Articles

Ghostly Collaboration: the Authorship of False Criminal Confession

Author
  • Mary Laughlin (North Dakota State University)

Abstract

Drawing on a body of confession scholarship, “Ghostly Collaboration” defines “coercive ghostwriting,” an authorship-inspired term for collaborative practices enacted between custodial criminal suspects and professional police interrogators resulting in coerced, potentially false confession. Within the United States, still-prominent notions of a Romantically-influenced autonomous Author problematically intersect with public perception of collaborative texts; the coercive ghostwriting label is intended to draw explicit attention to co-authorship via coercive collaboration, hopefully contributing to the ongoing efforts of researchers working to challenge inaccurate views of false confessions.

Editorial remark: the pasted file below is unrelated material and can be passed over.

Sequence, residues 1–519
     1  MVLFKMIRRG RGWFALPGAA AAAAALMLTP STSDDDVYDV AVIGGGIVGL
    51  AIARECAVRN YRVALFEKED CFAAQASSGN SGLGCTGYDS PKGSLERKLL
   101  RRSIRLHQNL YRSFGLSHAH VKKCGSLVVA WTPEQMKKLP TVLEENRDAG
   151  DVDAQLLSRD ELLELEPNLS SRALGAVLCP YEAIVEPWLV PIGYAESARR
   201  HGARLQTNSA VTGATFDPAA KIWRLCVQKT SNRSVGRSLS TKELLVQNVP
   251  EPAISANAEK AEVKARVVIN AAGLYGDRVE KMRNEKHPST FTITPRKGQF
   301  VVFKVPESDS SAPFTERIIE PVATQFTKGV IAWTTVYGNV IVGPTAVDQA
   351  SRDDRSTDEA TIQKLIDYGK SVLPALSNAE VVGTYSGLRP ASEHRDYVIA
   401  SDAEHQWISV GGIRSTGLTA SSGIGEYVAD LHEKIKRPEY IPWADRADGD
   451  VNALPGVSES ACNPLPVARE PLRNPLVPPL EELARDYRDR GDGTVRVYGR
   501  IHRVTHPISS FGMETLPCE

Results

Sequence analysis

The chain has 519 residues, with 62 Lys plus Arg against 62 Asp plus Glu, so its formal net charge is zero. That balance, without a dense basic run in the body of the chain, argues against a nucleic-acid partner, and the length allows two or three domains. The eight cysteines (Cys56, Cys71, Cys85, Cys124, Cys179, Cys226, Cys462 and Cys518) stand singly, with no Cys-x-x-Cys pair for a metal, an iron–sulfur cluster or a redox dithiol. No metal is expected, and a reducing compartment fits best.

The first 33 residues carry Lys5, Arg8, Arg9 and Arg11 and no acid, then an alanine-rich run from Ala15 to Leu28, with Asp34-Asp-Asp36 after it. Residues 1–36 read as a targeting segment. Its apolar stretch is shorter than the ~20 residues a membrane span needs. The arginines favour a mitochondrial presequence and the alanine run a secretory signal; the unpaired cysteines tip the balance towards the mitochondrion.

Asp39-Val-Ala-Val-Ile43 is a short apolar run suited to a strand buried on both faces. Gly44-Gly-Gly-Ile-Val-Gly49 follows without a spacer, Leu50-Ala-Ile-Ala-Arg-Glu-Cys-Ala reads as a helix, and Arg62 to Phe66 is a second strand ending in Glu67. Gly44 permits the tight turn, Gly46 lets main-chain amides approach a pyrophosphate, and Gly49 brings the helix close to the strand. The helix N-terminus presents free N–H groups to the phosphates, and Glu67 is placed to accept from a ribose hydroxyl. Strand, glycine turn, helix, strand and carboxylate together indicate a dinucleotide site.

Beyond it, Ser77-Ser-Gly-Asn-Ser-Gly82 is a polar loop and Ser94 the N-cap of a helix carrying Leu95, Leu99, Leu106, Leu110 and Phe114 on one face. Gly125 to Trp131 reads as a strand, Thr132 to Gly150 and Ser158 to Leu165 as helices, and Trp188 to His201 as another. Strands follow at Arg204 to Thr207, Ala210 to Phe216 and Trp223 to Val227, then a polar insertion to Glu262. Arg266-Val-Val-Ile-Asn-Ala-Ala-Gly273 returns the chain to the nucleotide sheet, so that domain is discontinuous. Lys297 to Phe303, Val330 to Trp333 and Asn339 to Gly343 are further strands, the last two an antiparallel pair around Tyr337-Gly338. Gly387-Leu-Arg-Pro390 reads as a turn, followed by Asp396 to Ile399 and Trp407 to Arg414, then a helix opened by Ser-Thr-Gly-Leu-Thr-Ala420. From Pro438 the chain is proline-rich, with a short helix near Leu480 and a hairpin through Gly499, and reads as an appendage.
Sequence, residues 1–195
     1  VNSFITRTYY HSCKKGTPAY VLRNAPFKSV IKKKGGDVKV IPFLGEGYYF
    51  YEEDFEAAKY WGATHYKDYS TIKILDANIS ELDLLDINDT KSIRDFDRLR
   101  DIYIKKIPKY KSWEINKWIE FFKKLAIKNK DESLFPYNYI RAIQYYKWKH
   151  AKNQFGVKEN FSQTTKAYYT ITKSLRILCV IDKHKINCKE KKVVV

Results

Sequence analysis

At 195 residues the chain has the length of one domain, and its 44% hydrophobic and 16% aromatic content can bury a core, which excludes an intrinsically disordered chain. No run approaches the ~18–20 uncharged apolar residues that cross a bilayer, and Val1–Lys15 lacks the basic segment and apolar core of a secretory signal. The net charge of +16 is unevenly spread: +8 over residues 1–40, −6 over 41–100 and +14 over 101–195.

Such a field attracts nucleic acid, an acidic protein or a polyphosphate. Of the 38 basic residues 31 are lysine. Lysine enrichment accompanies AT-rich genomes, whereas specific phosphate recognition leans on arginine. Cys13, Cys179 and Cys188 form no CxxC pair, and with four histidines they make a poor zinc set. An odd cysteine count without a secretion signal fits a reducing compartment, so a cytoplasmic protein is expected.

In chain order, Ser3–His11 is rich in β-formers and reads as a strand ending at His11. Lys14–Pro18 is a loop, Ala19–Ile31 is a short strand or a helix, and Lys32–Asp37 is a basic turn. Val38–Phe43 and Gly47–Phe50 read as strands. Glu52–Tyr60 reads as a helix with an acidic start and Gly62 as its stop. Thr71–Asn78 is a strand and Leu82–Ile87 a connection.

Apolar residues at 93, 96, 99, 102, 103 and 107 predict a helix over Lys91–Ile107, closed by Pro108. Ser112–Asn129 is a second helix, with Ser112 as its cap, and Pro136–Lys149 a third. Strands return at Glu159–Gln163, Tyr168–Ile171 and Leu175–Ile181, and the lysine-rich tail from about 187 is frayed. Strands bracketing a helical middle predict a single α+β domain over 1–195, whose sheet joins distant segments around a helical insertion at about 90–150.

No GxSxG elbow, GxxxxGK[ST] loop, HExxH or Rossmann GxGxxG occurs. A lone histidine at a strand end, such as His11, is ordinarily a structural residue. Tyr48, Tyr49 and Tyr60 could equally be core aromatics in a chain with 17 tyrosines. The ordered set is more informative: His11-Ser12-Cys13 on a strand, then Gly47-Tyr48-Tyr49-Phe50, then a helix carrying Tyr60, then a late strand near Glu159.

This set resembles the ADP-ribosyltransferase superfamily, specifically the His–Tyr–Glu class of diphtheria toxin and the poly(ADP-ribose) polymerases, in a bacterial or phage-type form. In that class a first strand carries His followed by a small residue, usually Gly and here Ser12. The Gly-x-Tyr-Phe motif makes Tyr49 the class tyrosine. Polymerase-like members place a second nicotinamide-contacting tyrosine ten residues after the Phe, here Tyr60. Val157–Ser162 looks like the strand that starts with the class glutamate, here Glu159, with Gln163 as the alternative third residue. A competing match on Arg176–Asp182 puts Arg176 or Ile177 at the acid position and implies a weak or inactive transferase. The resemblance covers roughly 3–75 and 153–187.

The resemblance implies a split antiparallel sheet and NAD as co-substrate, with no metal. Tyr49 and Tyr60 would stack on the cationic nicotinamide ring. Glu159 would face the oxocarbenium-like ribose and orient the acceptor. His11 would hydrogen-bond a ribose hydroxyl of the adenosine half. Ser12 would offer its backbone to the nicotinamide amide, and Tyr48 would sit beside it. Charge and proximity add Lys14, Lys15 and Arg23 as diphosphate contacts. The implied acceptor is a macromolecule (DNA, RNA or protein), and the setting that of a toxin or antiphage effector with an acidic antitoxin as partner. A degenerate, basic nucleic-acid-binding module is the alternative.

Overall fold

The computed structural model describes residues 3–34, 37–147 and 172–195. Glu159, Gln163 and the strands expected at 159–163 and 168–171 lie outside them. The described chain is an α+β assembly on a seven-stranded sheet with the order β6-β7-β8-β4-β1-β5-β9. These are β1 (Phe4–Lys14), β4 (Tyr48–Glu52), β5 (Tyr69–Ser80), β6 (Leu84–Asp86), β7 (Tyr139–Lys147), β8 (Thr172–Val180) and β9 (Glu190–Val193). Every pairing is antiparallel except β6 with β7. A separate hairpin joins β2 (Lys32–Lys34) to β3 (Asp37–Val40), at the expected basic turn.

Keywords: collaborative authorship, criminal confession, language, the autonomous author

How to Cite:

Laughlin, M., (2014) “Ghostly Collaboration: the Authorship of False Criminal Confession”, Authorship 3(2). doi: https://doi.org/10.21825/aj.v3i2.1088

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Published on
28 Nov 2014
Peer Reviewed
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